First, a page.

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Boston Children's has launched the world's 1st program dedicated to offering hand transplants to children who qualify.
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Today it's been 5 years since my son Matthew's A.V. Canal repair. I remember the nurses: Shannon, Jaime, and Patrick....They were so good with Matthew and with my husband and I.
If it wasn't for Children's Hospital and the Cardiac wing he wouldn't be here. Thank you all for what you have done for us and giving him a chance to grow in front of our eyes! Thank you Dr. Mah, Dr. Baird, and Dr. de Ferranti we owe you the world.
5 years ago today, I placed my one week old son in Dr. Emani's hands to repair his COA. I remember it like it was yesterday, and I'm thankful every day for the care we received at the Heart Center at Boston Children's Hospital.
1 year ago today Dr Baird performed open heart surgery on Cayman. It did NOT slow him down. Today his heart is as good as new and he barely even has a scar. Thank you Dr Baird and everyone on the cardiac floor at Boston Children's Hospital.
Two years ago today we were at Boston Children's Hospital and our daughter, Emily, was having an aortic stent placed. We were told it would have to be replaced by the time she turned 2 (which was last June) but its still in place and working beautifully. We thank God every day for the amazing work of Dr. Gerald Marx and Dr. James Lock.
This weekend we celebrated our beautiful daughter, Mikayla's 1st birthday and that’s thanks to the amazing surgeons and staff on the 8th floor!! Mikayla was born with a rare diagnosis of Pentalogy of Cantrell which included several heart defects.
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Identify familial hyperlipidemias (FH) associated with early cardiovascular disease, which are present in 1 in 300-500 children, but are asymptomatic until there is myocardial ischemia. Individuals with FH who are untreated have a risk of premature coronary heart disease 20 times greater than those without FH. (Of note, one study suggests the risk of cardiac events in FH can be reduced to that of the general adult population by statin therapy, but only if these lipid disorders are identified early.)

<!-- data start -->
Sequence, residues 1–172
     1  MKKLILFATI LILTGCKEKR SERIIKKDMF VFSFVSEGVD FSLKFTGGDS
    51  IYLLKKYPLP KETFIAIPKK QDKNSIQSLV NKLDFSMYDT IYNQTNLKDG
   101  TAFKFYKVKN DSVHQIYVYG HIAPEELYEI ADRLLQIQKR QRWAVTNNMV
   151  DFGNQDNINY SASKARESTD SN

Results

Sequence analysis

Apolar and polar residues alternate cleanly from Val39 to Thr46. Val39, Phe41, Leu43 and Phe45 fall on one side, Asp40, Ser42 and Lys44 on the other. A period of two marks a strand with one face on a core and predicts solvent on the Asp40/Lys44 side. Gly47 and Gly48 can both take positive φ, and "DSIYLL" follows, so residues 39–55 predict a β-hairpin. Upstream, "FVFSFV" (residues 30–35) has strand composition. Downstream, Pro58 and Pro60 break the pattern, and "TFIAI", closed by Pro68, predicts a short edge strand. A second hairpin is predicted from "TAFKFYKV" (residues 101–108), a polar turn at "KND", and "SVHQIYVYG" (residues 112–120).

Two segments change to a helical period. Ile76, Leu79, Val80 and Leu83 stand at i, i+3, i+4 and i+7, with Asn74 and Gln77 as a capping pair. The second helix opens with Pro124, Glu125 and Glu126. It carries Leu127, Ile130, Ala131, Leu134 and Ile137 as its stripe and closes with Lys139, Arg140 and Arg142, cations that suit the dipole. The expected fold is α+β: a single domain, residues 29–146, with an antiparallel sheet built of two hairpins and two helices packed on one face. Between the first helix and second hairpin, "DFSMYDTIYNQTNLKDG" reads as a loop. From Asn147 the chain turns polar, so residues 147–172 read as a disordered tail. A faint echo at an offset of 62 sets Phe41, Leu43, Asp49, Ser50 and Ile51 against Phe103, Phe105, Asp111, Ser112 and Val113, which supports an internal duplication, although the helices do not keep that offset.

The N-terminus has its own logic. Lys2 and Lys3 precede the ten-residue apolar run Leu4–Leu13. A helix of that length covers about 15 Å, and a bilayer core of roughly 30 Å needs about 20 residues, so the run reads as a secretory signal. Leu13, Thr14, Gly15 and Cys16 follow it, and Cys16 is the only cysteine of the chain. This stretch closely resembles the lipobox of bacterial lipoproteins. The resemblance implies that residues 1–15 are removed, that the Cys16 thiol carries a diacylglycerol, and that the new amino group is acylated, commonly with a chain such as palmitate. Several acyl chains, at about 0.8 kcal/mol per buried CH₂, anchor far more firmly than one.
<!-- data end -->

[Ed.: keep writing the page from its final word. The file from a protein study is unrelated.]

Diagnose non-genetic LDL lipid disorders that require lifestyle modification. NHANES data suggest 1 in 5 adolescents in the US has some type of lipid disorder (JAMA 2010, MMWR Morb Mortal Wkly Rep. 2010 Jan 22:59(2):29-33. Prevalence of abnormal lipid levels among youths. United States, 1999-2006. Centers for Disease Control and Prevention [CDC)].)
Screen all children once between the ages 9 and 11 years, and again once between 17 and 21 years.
Continue selective screening of high risk patients (family history of early CVD events or other CVD risk factors) starting at age 2 years.
Screen with a fasting lipid profile OR non-fasting TC and HDL to calculate non-HDL cholesterol levels.
If non-fasting non-HDL cholesterol is ≥ 145 mg/dL, or HDL < 40 mg/dL, obtain fasting lipid profile.
Refer to specialist directly for LDL ≥ 250 mg/dL or fasting TG≥ 500 mg/dL.
Initial treatment for nearly all patients is 6 months of targeted lifestyle change.
Treat high TG differently from high LDL, both in terms of nutrition counseling and pharmacotherapy (guidelines include useful tables and algorithms to guide treatment).
Use lipid-lowering medications only in patients who have not responded to 6 months of lifestyle counseling and have LDL ≥190 mg/dL.
Use somewhat lower LDL cutpoints for patients with high-risk conditions using lower cutpoints.
Recommended age for pharmacotherapy is ≥ 10 years, except in very high risk cases.
The future of pediatrics will be forged by thinking differently, breaking paradigms and joining together in a shared vision of tackling the toughest challenges before us.”